Tuesday, December 31, 2013

Spiritual Goal for 2014

Last night, talk turned, as it often does this time of year, to resolutions.  If your resolution is to have a more spiritual life, you are not alone.

But what does that mean?  More prayer?  A retreat?  Discernment about life shifts?  Putting more of your efforts towards the service of God's vision?

Where do we want to be on Dec. 31, 2014?

In past years, I've wanted to pray more, to keep a spiritual journal of some sort, or to adopt another spiritual discipline.  I'm still not as good at tithing as I would like to be.  My thoughts are never far from discernment, as there are many days when I just cannot believe that God intends me to have my particular life.  Surely I could be of more use in a different setting?

But maybe it's precisely in this setting setting that God needs me.  My workplace is full of anxiety about the future, as I imagine many halls of higher education are these days.  For much of the day, every day, I am surrounded by people who are upset, people who are sorrowful, people who spend their hours haunted by worst case scenarios.  I turn on the TV, and it's more of the same.  Even moving through the world eavesdropping on the conversations of strangers, I hear negativity and doubt and suspicion.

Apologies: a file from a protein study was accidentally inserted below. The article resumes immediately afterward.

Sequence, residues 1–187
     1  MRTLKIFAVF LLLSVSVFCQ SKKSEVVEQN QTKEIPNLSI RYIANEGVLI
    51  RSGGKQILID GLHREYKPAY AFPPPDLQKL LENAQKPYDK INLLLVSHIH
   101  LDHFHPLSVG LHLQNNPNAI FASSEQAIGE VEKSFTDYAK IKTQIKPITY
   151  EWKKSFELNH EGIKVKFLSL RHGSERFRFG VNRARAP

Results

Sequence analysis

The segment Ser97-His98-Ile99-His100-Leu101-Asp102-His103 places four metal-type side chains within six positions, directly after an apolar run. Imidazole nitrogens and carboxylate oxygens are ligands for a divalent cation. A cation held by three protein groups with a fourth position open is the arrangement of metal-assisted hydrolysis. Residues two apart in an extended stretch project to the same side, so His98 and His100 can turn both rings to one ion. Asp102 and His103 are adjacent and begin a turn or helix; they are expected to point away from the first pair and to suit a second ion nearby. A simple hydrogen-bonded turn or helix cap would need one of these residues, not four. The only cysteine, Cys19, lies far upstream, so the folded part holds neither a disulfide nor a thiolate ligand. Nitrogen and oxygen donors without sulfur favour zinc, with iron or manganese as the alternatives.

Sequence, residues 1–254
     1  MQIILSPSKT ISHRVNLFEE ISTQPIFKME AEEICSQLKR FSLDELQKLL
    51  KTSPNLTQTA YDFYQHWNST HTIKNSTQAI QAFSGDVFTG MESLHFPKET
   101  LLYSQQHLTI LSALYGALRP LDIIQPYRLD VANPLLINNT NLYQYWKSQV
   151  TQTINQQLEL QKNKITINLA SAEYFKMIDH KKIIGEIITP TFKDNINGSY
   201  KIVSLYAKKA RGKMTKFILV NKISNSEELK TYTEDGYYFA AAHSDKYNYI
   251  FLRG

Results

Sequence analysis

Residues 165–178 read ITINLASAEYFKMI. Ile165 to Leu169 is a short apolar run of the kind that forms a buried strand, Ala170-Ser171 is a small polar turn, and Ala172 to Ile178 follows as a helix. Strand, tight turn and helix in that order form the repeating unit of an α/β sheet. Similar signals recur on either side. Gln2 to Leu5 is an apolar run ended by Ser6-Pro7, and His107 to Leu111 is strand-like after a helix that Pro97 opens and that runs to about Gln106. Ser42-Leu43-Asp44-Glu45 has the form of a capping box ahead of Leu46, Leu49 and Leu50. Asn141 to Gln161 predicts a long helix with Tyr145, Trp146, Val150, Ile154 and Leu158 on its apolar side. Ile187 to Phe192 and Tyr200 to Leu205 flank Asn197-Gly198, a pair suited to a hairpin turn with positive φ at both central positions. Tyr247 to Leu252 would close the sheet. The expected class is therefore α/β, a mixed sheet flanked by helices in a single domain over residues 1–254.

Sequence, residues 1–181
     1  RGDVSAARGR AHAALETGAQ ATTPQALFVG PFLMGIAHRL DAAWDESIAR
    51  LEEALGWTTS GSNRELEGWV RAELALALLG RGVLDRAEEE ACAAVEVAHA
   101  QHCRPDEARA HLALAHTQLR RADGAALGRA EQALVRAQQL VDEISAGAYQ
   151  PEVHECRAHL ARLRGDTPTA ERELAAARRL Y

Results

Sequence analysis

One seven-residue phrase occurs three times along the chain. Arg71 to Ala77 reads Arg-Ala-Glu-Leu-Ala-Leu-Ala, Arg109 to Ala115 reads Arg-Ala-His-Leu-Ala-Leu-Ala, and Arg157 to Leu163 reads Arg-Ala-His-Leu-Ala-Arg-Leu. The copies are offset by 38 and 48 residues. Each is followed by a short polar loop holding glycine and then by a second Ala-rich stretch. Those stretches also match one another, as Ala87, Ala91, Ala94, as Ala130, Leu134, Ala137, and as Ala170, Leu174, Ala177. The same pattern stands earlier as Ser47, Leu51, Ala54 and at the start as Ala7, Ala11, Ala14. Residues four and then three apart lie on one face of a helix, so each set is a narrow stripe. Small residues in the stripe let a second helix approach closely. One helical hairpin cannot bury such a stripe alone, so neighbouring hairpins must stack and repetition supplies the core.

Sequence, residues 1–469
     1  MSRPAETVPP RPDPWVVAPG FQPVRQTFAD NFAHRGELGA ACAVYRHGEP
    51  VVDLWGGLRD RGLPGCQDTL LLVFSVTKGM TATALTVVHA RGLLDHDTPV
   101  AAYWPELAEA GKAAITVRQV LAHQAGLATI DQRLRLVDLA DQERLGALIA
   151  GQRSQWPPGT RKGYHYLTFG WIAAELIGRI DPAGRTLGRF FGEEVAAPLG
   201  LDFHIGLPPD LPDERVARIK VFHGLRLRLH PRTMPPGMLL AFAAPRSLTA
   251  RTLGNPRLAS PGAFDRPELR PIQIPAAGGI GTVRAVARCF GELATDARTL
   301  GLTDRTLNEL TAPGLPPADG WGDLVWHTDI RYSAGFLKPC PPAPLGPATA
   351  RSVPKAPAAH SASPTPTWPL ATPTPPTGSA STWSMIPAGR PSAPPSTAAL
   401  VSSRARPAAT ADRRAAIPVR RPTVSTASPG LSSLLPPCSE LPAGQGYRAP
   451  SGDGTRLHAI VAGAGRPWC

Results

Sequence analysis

The great English poet Keats would have called it "a vale of soul-making."

My goal this year is more simple and infinitely harder than past goals.  I want to refuse to participate in fear mongering.  I want to believe the best of people, that people are trying hard and doing all that they're capable of.  I am amazed at how often people are willing to believe the worst, whether it be of our coworkers, our legislators, our people in power, everyone else who is out of power.  Do we really believe that people are out to wreck our societal institutions? Do we really believe that people are shirking their responsibilities, all the time, every day? Do we really believe that people are showing up with the intention to avoid doing quality work? 

What would happen if I just refused to engage in the outrage?  I've spent years pointing out possible better case scenarios.  I don't change anyone's mind.

Let the fear mongering and suspicion go on without me.  Let others sow the seeds of despair.  That weed is one that has been running too rampant in my garden as of late.  It's time to plant some different seeds.

And when I hear people engaging in that behavior, let it serve as a tolling bell to remind me to pray for everyone in difficult circumstances.

And let me always remember the life lesson that I learned from watching the end decades of the life of Nelson Mandela.  Sometimes, the worst situations, like apartheid, look intractable.  Some years, a civil war looks inevitable.

And then, there are years when the prison doors swing open and great minds can form a new creation like the Truth and Reconciliation Commission.  Let me side with that force of history.

No comments: